Carbon capture seen as coal lifeline

A Caterpillar excavator operates at the Kentucky Utilities Co. Ghent generating station in Ghent, Ky., on April 6, 2021. MUST CREDIT: Bloomberg photo by Luke Sharrett.

Coal-fired power plants would be eligible for billions of dollars in extra tax breaks under President Joe Biden's economic legislation if they install carbon-capture systems, an incentive that environmental groups say may delay the retirement of dozens of facilities.

Power plants that capture their carbon dioxide emissions would be eligible for a tax credit of as much as $85 per metric ton under the draft of Biden's $1.75 trillion spending plan released by the House recently. That's an increase from a rate of $50 a metric ton in current law.

The change could result in a single 1,000 megawatt coal plant receiving $6 billion in payments over 12 years, according to an analysis of the proposed credit by the environmental group Sierra Club, which estimates the increase could result in a quarter of the nation's coal-fleet delaying retirement.

"The provision, as written, delays the transition from fossil fuels -- and emissions reductions -- in the electric sector by throwing a decade-long lifeline to uneconomic coal plants," the Sierra Club said in an analysis of the credit. "Even with the lower costs of renewable energy that will be spurred by Build Back Better, utilities will find carbon capture with these payments to be too attractive to pursue clean energy alternatives."

Among the group's concerns is a tweak to the credit that would change the requirement that carbon capture systems be operational by 2026 to simply under construction by 2032 to qualify. That change could extend the life of coal-fired plants by a decade since carbon capture facilities can take years to construct, according to the Sierra Club. And any coal plant that does use the credit to install carbon capture technology would still have the same emissions profile of an unmitigated natural gas plant since the credit only requires electric-generation facilities to capture 75% of their emissions, the group said.

The increased credit, which is backed by a coalition that includes utility DTE Energy Co. and miner Peabody Energy Corp., is one of dozens of energy and climate programs included in the House's draft of Biden's Build Back Better plan that includes $555 billion in climate spending. The increase in the carbon-capture credit has been seen as necessary to win the support of West Virginia Sen. Joe Manchin and other Democrats who hail from states flush with coal and gas reserves.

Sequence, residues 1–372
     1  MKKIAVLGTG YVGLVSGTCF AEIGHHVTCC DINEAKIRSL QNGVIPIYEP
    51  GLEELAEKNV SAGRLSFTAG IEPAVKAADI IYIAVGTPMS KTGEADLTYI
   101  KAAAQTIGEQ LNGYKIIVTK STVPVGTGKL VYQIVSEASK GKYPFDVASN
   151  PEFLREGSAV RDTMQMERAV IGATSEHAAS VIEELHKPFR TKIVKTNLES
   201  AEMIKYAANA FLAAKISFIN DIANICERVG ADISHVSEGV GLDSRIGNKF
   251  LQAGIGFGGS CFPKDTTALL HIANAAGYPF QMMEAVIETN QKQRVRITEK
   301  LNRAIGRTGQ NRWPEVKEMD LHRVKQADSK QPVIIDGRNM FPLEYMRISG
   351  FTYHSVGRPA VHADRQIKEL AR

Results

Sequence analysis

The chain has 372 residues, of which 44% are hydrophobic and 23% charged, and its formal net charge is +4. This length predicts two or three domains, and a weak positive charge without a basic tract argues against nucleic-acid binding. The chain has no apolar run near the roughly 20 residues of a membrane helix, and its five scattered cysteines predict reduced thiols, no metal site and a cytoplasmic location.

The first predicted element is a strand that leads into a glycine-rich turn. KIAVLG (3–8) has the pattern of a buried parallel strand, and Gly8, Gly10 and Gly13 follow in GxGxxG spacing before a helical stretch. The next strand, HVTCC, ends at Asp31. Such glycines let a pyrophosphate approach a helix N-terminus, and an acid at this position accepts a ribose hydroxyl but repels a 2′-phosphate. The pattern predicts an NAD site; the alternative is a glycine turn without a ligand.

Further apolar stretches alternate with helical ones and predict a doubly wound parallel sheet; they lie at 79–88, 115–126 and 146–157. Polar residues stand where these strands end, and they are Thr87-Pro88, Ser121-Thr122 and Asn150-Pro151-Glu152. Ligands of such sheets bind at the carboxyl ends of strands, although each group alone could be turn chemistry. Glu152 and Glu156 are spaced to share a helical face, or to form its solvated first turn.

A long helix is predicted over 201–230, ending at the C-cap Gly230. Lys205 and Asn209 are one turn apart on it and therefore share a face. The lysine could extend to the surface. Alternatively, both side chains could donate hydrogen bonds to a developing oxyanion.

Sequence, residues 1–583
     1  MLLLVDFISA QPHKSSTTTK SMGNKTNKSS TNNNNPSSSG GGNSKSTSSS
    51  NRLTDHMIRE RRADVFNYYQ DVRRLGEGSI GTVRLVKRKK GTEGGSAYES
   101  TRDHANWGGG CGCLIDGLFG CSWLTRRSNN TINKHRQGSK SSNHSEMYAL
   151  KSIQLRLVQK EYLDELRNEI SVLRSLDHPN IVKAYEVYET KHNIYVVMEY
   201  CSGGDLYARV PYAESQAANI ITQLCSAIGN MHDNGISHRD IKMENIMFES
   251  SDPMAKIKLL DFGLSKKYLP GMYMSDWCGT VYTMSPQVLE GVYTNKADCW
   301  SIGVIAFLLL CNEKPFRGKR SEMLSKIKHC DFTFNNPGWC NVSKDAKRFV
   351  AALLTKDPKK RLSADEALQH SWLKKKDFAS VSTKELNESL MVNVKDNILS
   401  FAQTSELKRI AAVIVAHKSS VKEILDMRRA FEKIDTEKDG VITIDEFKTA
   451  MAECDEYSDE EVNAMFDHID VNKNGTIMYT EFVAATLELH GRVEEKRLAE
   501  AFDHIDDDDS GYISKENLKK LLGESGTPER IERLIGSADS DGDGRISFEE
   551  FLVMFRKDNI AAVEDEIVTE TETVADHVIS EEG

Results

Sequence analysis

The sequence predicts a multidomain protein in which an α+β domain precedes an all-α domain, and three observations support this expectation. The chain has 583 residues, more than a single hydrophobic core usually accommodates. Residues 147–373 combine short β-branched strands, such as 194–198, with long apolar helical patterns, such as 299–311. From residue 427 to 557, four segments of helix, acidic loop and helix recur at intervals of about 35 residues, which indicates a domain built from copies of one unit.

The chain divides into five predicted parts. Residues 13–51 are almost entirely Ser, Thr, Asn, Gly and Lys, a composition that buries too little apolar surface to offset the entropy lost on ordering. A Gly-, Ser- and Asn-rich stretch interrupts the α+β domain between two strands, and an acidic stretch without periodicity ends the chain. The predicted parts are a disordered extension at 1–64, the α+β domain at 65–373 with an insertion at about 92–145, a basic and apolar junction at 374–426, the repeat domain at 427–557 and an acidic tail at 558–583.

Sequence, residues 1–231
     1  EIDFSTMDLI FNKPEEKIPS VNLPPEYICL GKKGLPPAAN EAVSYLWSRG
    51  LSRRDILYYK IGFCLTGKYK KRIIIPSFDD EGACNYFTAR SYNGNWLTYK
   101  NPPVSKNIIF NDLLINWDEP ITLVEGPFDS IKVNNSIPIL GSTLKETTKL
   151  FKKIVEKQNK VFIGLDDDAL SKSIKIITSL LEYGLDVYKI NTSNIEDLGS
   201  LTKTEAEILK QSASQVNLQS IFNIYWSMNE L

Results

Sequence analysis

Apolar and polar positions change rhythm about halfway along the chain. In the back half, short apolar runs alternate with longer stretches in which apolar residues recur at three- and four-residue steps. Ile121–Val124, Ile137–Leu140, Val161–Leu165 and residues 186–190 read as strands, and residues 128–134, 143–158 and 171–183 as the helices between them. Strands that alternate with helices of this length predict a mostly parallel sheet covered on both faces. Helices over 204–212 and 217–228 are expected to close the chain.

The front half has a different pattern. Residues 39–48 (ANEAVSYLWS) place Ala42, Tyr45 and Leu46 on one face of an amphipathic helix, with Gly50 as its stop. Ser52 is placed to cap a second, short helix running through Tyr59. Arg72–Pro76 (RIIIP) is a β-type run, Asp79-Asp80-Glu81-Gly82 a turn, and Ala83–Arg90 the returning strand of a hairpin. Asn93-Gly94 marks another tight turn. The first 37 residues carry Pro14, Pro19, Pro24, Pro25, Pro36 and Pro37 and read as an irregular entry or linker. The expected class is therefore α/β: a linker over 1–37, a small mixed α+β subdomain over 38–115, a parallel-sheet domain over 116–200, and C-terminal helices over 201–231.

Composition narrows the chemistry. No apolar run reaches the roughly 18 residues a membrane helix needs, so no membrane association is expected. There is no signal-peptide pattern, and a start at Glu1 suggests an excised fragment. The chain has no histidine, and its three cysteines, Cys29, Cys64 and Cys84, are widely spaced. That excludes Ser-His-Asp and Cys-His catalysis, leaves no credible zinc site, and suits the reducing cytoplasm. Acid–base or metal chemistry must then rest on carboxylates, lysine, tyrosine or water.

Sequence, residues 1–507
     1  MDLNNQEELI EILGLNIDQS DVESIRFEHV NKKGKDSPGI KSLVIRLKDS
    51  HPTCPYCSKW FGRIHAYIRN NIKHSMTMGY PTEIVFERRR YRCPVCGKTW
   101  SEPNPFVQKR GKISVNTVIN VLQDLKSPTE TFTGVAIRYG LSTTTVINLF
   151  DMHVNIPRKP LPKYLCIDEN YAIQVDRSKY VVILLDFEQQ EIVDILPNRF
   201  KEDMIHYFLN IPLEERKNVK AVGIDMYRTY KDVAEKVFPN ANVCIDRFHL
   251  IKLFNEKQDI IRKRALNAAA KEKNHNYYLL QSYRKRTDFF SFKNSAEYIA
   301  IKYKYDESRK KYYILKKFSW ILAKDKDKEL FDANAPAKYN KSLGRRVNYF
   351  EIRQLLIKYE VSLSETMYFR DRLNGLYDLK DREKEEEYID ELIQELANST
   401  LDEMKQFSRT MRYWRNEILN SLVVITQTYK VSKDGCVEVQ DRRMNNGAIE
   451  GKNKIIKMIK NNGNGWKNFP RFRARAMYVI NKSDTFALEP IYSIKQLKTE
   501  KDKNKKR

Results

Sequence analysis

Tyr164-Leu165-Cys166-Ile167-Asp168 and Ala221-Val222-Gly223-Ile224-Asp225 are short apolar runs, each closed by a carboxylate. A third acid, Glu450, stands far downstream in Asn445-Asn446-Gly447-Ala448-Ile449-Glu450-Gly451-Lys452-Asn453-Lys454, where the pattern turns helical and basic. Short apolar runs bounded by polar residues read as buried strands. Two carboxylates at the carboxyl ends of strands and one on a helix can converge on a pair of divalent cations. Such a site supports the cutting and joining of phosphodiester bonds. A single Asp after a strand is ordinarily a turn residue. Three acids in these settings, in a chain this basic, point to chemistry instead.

Coal plants have been retiring early in the face of competition from cheap natural gas and cleaner renewable energy sources. The credit may have the unintentional effect of delaying some of those from shutting, the Sierra Club says.

The proposed increase comes as high costs have kept carbon capture technology in the U.S. from getting off the ground. No carbon capture projects for power generation currently exist in the U.S.

The Sierra Club is concerned that even utilities that end up opting not to install carbon capture technology will delay the retirement of plants by years while it's under consideration. Last year two coal-fired power plants in North Dakota and New Mexico announced plans to scrap planned retirements while they consider the economics of installing carbon-capture technology using the credit.

"We've seen the subsidy at the current level being used in Public Utility Commission proceedings as a reason to stay online," Pat Drupp, the Sierra Club's deputy legislative director, said in an interview. "It's a very lucrative subsidy."

Other environmental groups are fighting the increased carbon capture credit, arguing the technology could extend America's reliance on fossil fuel while steering financing away from wind and solar.

"This is a total disaster," said Lukas Ross, a program manager with Friends of the Earth. "This is an astoundingly regressive approach to climate policy. Any policy that delays coal retirements is going to increase extraction and increase harm to communities on the front lines."